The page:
The tall building in the picture above (larger version here) is the Green Building, situated on the campus of the Massachusetts Institute of Technology, better known as MIT. Built in the early 1960s, the building is named after, Cecil Howard Green, the co-founder of Texas Instruments and a graduate of MIT — he donated much of the money for its construction. One of its principal architects was I.M. Pei, an MIT grad as well, and perhaps the most recognizable name in the modern architecture world. The Green Building is the tallest in Cambridge, Massachusetts, a goal achieved via some creativity. At the time, according to Wikipedia, a Cambridge ordinance limited the number of floors that any given building could have, but didn’t include inhabited first floors (e.g. lobbies) in the floor count. So to make the Green Building higher than all of its neighbors, the MIT team placed it on stilts, with the first floor (excluding some lobbies) starting 30 feet above ground. The Green Building’s record height is a testament to the genius that is common at MIT.
And it’s also a testament to the fact that even geniuses can make mistakes.
The Green Building is located in the middle of a rectangular collection of buildings, as seen in the image above. It is to the north-northwest of the Charles River, with a large, relatively open area in front of it. It’s not uncommon to get a nice breeze off the Charles, which can be a pleasant refresher for those studying hard. But at times, the wind would become overwhelming. Because of the arrangement of the buildings in the area around the Green Building, the wind would gather, gaining speed and intensity, creating a wind tunnel in front of Cambridge’s tallest tower.
Unfortunately, that’s when the lofted first floor turned into a pretty big problem. A former senior vice president of MIT, William R. Dickson, went into detail (pdf) in an interview for an oral history project:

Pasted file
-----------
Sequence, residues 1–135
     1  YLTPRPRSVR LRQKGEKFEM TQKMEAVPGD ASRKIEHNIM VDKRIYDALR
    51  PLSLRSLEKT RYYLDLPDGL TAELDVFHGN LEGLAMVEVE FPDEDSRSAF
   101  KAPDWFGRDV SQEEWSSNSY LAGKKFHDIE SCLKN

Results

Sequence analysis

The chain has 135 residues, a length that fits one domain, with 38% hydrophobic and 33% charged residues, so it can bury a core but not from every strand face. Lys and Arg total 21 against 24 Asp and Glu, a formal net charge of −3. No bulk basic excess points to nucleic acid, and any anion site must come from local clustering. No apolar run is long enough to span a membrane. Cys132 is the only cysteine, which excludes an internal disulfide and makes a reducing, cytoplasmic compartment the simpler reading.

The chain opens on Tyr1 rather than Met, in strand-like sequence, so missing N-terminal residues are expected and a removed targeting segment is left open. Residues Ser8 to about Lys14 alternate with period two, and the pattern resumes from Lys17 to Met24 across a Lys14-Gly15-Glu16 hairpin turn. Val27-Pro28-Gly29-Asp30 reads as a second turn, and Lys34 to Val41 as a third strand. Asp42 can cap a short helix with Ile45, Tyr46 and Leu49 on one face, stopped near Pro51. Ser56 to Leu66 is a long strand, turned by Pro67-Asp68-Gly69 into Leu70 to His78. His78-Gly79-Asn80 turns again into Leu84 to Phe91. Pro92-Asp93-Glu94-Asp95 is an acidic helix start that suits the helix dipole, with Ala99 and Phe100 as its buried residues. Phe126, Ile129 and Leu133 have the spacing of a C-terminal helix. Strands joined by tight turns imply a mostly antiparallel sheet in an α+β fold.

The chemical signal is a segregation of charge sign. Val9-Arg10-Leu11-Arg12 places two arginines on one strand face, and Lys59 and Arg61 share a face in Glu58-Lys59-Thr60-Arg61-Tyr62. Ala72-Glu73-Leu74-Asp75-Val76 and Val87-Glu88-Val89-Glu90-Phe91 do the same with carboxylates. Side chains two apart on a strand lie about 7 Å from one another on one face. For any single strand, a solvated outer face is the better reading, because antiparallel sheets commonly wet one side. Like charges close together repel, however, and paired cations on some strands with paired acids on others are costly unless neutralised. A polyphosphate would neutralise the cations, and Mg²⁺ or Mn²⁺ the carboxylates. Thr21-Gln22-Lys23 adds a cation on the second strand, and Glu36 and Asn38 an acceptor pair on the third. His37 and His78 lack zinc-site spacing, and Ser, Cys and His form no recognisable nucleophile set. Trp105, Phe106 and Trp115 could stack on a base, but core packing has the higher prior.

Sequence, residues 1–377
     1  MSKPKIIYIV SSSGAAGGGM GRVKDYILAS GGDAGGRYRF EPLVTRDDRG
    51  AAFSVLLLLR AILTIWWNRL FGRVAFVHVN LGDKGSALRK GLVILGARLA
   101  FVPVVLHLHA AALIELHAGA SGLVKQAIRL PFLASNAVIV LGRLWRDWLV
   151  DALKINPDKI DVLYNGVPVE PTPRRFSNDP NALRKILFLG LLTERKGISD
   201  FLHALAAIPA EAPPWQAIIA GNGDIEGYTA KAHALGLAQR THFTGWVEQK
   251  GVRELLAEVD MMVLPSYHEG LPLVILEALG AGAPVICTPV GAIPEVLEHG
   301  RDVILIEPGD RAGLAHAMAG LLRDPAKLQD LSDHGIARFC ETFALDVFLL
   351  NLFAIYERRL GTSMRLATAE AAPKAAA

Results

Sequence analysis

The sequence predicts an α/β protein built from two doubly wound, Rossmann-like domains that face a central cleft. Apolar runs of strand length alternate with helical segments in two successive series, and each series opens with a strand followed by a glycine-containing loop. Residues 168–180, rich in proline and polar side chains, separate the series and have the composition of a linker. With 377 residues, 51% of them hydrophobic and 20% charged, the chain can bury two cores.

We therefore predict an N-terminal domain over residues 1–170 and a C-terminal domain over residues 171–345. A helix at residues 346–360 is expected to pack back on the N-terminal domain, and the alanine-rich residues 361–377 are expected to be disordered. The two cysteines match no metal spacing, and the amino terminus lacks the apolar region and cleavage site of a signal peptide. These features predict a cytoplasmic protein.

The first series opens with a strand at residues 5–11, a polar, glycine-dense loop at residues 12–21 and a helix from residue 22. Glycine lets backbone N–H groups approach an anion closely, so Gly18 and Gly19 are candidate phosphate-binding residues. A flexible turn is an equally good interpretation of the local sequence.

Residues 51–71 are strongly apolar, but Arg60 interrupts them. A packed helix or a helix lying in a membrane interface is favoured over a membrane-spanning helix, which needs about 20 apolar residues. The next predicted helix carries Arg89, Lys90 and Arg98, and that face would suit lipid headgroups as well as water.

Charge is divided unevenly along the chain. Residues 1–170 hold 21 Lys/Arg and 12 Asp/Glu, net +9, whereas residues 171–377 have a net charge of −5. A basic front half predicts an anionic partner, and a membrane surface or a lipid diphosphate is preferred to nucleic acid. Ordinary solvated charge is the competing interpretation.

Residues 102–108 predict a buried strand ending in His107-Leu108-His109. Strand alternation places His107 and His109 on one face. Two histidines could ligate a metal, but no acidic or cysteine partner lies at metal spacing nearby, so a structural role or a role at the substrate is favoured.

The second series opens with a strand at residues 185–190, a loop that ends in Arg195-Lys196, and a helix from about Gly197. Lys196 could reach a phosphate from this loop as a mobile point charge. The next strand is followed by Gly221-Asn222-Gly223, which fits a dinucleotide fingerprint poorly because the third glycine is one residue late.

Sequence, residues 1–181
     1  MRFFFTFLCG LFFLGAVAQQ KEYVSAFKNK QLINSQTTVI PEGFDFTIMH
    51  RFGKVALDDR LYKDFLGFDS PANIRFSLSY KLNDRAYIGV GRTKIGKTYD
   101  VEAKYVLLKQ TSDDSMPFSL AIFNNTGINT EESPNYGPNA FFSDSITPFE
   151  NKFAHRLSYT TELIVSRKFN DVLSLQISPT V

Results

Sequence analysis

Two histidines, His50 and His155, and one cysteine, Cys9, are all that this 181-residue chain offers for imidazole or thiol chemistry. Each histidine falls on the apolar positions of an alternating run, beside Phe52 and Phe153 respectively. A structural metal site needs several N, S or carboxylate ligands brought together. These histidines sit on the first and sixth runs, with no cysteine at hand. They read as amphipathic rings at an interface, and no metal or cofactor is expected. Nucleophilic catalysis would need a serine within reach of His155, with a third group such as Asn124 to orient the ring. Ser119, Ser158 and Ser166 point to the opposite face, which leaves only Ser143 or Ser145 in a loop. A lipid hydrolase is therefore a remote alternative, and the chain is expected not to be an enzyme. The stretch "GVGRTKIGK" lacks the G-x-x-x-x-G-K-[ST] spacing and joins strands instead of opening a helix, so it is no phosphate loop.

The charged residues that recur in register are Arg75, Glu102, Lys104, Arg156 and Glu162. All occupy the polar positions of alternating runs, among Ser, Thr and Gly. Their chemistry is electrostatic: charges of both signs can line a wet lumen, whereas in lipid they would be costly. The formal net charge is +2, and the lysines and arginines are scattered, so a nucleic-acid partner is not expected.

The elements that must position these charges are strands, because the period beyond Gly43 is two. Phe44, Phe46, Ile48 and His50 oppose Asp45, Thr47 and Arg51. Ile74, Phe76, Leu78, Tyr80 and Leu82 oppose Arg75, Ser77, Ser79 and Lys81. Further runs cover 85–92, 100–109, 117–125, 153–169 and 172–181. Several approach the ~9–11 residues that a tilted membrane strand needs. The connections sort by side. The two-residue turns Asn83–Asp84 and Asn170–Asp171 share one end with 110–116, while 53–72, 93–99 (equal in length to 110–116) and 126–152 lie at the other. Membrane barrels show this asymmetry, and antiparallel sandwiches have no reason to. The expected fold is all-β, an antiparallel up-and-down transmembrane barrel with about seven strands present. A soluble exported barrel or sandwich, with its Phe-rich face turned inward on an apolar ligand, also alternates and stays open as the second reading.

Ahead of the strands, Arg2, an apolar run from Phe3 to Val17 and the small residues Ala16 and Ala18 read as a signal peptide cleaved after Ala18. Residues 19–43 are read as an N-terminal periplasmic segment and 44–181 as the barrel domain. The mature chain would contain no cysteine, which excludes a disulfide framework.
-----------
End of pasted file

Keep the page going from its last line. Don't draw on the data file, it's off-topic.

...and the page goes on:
The ground floor [of the Green Building] was open except for the lobbies, which were small, at either end. One is an elevator lobby, and as I said, the other is a lobby for the lecture hall where people could go and wait and then walk up to the lecture hall which was the floor above. The problem was that with the other buildings around, the wind would pile up on the face of the Green Building and then in order to relieve itself would either go around the ends or drop down the face of the building and whip through the opening end of the building. And that was the troublesome point because sometimes people had trouble even walking to the doors under the building because the wind was so bad.
The Boston Wind Tunnels section of the MIT Museum suggests the problem was even worse than Mr. Dickson suggests, stating that “whenever it was windy, it was nearly impossible for pedestrians to enter or exit the building.”
If you go to the Green Building today, and it’s windy enough, you’ll feel the problem — MIT didn’t reorganize its buildings to prevent the wind tunnel from forming. However, you’ll be able to get inside the building, even on the windiest of days. MIT has a system of underground corridors which connect many of the buildings, including the Green Building. (Here’s a pdf map; the Green Building is number 54.) So until a ground-level solution could be found, students and faculty availed themselves of this alternative. Later, the school added revolving doors, which were less susceptible to the wind. So if you visit it today, you may feel the breeze, but you’ll be able to get to your lecture.
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Top photo courtesy Philip Greenspun.